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Mining industry on the right ESG path – but more work to do, IMARC told

The global mining industry has both a responsibility and an opportunity to lead the world in ensuring supply chains meet the standards that modern society expects, delegates at the International Mining and Resource Conference in Sydney were told today.

Executive Director of the Extractive Industries Transparency Initiative (EITI) Mark Robinson, the leading global standard for good governance in the extractive sector, said countries like Australia can and should take a leadership position internationally on responsible mineral sourcing.

“Australia is rightly proud of its track record as a global leader in the extractives sector. In the context of unprecedented demand for minerals to fuel the energy transition, Australia has a golden opportunity to be not only a global mining superpower, but also a leader on ESG performance.”

He said while countries across Asia, Africa and South America have made steady progress, technical support and regional leadership are needed to ensure that crucial reforms are sustained and that mineral supply chains are resilient.

“This is where Australia can really lead. There is clear alignment with the Government on Australia’s goals of supporting dialogue on the energy transition and taking action against corruption. The EITI is also at the heart of a digital transformation which is bringing information on the extractive sector into the public domain through open data to generate public debate and inform policy dialogue.

“The opportunity exists now to ensure that the strategic minerals boom will provide benefits to citizens in producing countries,” Mr Robinson said.

Board Chair of Clareo and Chair Development Partner Institute Peter Bryant noted that with all the focus on ESG, a lot of work still remains, particularly in acknowledging the impact on First Nations people from around the world.

“One Indigenous group in Canada studied every single ESG report known to mankind, and they found that First Nations people were only mentioned twice. Once in an appendix and once as a risk to be managed,” Mr Bryant said.

“What message does that send to Indigenous people, that they are a risk to be managed? There’s no dialogue to be had for risk.”

Mining Projects & Transactions Partner at MinterEllison Jordan Phillips observed that too often business and corporations turn to lawyers to address social issues that need to be resolved in a more collaborative manner.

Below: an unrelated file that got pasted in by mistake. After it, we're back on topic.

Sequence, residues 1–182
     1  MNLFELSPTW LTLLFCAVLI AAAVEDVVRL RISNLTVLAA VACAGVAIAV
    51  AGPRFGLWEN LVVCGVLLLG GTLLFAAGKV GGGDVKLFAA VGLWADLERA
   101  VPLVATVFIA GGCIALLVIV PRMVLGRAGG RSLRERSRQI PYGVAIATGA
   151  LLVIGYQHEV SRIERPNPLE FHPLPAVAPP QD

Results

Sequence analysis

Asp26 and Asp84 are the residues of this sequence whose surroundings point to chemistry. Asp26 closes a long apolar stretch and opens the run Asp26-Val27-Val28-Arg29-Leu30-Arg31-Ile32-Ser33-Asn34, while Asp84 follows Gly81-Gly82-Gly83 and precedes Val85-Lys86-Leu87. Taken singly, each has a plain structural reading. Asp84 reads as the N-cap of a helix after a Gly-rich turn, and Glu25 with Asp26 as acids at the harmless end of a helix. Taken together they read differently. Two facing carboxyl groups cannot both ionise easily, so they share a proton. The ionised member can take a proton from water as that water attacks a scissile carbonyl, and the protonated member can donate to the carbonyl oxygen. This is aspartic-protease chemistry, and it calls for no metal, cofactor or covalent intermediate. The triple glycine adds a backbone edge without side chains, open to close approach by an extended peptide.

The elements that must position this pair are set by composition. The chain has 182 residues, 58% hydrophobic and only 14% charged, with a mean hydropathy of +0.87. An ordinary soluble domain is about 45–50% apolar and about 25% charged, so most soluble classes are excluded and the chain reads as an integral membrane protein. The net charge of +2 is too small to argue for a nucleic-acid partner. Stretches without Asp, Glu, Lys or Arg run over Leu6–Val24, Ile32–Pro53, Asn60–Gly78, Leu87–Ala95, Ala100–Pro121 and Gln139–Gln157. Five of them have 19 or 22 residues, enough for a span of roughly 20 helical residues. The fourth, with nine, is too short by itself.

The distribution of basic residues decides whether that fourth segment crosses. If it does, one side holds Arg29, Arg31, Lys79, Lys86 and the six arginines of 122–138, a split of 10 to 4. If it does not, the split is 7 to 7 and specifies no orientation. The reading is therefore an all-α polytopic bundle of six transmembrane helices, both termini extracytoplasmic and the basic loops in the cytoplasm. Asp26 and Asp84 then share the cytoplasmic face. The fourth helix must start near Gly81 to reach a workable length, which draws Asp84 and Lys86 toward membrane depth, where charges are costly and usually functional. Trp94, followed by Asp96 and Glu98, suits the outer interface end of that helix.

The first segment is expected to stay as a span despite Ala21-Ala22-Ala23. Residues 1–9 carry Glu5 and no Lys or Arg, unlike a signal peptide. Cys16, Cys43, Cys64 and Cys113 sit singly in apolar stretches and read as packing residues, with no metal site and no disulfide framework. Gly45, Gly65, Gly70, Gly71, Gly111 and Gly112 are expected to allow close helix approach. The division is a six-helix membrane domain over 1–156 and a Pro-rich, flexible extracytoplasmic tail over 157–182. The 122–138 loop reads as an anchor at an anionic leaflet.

“The really hard thing is that too often a problem is given to legal, and they are expected to produce a document, but not produce an outcome for the process. If businesses want to address ESG challenges they will need to change their processes, including how they procure their goods through the supply chain,” Mr Phillips said.

“It’s not just about a statement, the statement writes itself after you’ve gone through the proper processes.”

Senior Director, Environment & Social Governance at Hexagon Louise Daw, said Hexagon’s suppliers must adhere to the same strict standards set out by the UN in relation to human rights, labour conditions and the precautionary principle and responsibility concerning the environment and anti-corruption.

“Hexagon is proud to consider itself an employer of choice and we seek to ensure we have a culturally diverse and inclusive workplace environment across all of our global offices,” Ms Daw said.

“This also extends to Hexagon’s desire to meaningfully engage with communities across various mining regions, ensuring we make a difference in people’s lives by undertaking important socioeconomic development programs.”

Hexagon’s initiatives are aligned with the United Nations Sustainability Development Goals, the Responsible Business Alliance, and the Carbon Disclosure Project, which are representative of a multi-faceted approach and commitment to sustainability.

Partner at ERM Sabrina Genter works with clients to help identify, understand and manage their social and human rights risks, impacts, and opportunities. She pointed out to the panel that the hardest part for a business in implementing good ESG policies and helping solve structural inequalities is all about core business process.

“The solution starts by getting the systems and processes right in a business. Once you get the process right, you don’t need to be thinking about managing a potential mess and can start doing the work to improve the situations of people within your supply chain.”